I do see more women- especially young women- becoming interested in this field. I think we will see more women in technical roles, because so many work environments are becoming more data-driven and technical, which makes it essential to have more employees who understand that side of the business. So, in theory, the gender gap should get smaller, but for now, the conferences- and maybe the industry- still seem to be male-dominated.

Why do you think this is?
Well I don’t think you can take a big-picture view and say schools discourage girls from taking Maths, for instance- I honestly don’t believe that’s true. I think the gap starts around the time you start considering careers- there’s so many other interesting avenues you might want to pursue, that you might overlook science and statistics. The gender gap isn’t something you really think about at this point.

For example, looking back at my own professional career, I first started studying sociology- which is a classically female field, I would say. I came to the conclusion that I’m really not that interested in sociological theories, but I am interested in the statistical and methodological part. So I switched to Statistics as a study and finished my Masters in Statistics. I only found out during my studies that this was the direction I wanted to take.

But when I started at nugg.ad, I didn’t think “You’re going to be one of a few females working in this field”. I’ve seen more and more women move into this field- so maybe 10, 20 years down the line, there will no longer be this gender imbalance.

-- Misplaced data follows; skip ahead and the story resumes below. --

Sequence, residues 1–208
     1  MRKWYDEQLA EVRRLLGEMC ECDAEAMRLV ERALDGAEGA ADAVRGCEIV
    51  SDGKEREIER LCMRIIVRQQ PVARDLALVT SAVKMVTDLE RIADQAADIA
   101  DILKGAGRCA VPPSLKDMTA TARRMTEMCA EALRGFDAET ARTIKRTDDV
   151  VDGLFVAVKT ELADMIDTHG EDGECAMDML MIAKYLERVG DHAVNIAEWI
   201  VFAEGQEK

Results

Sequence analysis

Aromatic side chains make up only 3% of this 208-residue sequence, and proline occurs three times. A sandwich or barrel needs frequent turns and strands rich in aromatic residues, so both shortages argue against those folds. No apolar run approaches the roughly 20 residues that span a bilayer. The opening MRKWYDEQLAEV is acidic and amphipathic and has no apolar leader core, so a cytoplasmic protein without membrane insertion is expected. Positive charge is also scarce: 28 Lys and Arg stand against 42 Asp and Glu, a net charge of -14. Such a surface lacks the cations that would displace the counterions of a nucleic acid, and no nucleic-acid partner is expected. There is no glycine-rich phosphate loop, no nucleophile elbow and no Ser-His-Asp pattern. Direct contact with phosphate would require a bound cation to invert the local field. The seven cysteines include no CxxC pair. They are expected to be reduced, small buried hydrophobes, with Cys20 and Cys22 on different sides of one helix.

Do you have any advice for young women- or young people in general- looking to move into this field?
I really think it’s the field of the future.  But you shouldn’t underestimate a role in data science- it’s not just crunching numbers and being able to handle data. You really need a full scope of skills. You have to understand how programming works.  You need to have a good understanding of methods, and how to apply those methods to certain data problems. You have to have the business knowledge to understand which kind of questions you want to answer, and also maybe build products out of data.

I think you also have to know in which wider field you’d like to work- we have data science in advertising, medicine, pharmaceuticals and many other areas. But if you know your business and you know your data, I think it’s a really interesting field to work in.

Looking to the future, what are you working on at the moment?
One of the interesting things we’re working on is starting to integrate other kinds of data sources as a predictive baseline.  That’s interesting because you have to adjust your algorithms and your whole data flow. I think we’ll be using these kind of techniques more and more.

Looking at the market, what I think will also be important in the future is focusing more and more on bespoke  audiences and customized segments- so that we really interpret the specific client’s needs with the data. And then, bringing the best out of that data with predictive algorithms.

Any thoughts on the future of data science in the advertising industry, or of data science in general?
I think the future of online advertising is a more automated future- and maybe also more consolidated data ecosystems, where you could add in more and more automation.

In terms of the future of data science; it’s already growing more and more important within every industry, but I what I would hope for is more great initiatives like DataKind, for example. These kind of initiatives are looking into using data science for social good, and tackling real-world problems. I think there are great data science initiatives out there, where you can interact and explore with data and maybe try to make the world better, even if that doesn’t help you to make money.


(Image credit: Wikipedia Commons)